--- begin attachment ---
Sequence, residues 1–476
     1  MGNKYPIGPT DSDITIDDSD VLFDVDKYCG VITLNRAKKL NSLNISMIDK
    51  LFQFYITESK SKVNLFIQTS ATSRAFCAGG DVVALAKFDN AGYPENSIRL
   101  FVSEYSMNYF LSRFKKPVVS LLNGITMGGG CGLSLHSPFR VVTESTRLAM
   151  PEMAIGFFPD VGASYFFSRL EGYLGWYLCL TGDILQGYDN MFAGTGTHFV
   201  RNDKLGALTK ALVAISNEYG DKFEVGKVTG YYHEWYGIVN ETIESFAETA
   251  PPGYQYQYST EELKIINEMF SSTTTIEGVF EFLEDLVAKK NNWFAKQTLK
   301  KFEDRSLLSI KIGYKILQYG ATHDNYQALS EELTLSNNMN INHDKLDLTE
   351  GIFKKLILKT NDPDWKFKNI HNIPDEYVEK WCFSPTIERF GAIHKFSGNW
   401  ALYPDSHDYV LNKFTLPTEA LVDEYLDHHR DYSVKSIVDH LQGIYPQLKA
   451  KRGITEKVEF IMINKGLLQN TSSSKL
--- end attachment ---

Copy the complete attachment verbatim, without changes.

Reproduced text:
Sequence, residues 1–476
     1  MGNKYPIGPT DSDITIDDSD VLFDVDKYCG VITLNRAKKL NSLNISMIDK
    51  LFQFYITESK SKVNLFIQTS ATSRAFCAGG DVVALAKFDN AGYPENSIRL
   101  FVSEYSMNYF LSRFKKPVVS LLNGITMGGG CGLSLHSPFR VVTESTRLAM
   151  PEMAIGFFPD VGASYFFSRL EGYLGWYLCL TGDILQGYDN MFAGTGTHFV
   201  RNDKLGALTK ALVAISNEYG DKFEVGKVTG YYHEWYGIVN ETIESFAETA
   251  PPGYQYQYST EELKIINEMF SSTTTIEGVF EFLEDLVAKK NNWFAKQTLK
   301  KFEDRSLLSI KIGYKILQYG ATHDNYQALS EELTLSNNMN INHDKLDLTE
   351  GIFKKLILKT NDPDWKFKNI HNIPDEYVEK WCFSPTIERF GAIHKFSGNW
   401  ALYPDSHDYV LNKFTLPTEA LVDEYLDHHR DYSVKSIVDH LQGIYPQLKA
   451  KRGITEKVEF IMINKGLLQN TSSSKL